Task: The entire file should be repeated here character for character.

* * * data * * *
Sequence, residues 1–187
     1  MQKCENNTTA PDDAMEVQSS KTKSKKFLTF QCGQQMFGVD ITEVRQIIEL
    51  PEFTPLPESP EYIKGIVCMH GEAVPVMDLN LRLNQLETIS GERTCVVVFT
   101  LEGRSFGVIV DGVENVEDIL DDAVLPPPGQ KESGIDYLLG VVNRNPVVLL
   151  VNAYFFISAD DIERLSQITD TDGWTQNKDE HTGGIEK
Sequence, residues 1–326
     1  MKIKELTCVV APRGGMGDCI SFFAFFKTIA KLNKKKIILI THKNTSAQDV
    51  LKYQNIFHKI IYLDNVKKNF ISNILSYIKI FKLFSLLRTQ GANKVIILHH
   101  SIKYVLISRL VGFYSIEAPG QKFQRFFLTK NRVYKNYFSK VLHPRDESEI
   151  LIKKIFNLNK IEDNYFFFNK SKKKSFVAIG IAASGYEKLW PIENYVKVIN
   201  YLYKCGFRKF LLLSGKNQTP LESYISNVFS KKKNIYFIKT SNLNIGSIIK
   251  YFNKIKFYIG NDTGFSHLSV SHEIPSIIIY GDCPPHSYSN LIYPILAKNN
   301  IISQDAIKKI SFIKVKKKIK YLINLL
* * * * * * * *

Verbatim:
Sequence, residues 1–187
     1  MQKCENNTTA PDDAMEVQSS KTKSKKFLTF QCGQQMFGVD ITEVRQIIEL
    51  PEFTPLPESP EYIKGIVCMH GEAVPVMDLN LRLNQLETIS GERTCVVVFT
   101  LEGRSFGVIV DGVENVEDIL DDAVLPPPGQ KESGIDYLLG VVNRNPVVLL
   151  VNAYFFISAD DIERLSQITD TDGWTQNKDE HTGGIEK
Sequence, residues 1–326
     1  MKIKELTCVV APRGGMGDCI SFFAFFKTIA KLNKKKIILI THKNTSAQDV
    51  LKYQNIFHKI IYLDNVKKNF ISNILSYIKI FKLFSLLRTQ GANKVIILHH
   101  SIKYVLISRL VGFYSIEAPG QKFQRFFLTK NRVYKNYFSK VLHPRDESEI
   151  LIKKIFNLNK IEDNYFFFNK SKKKSFVAIG IAASGYEKLW PIENYVKVIN
   201  YLYKCGFRKF LLLSGKNQTP LESYISNVFS KKKNIYFIKT SNLNIGSIIK
   251  YFNKIKFYIG NDTGFSHLSV SHEIPSIIIY GDCPPHSYSN LIYPILAKNN
   301  IISQDAIKKI SFIKVKKKIK YLINLL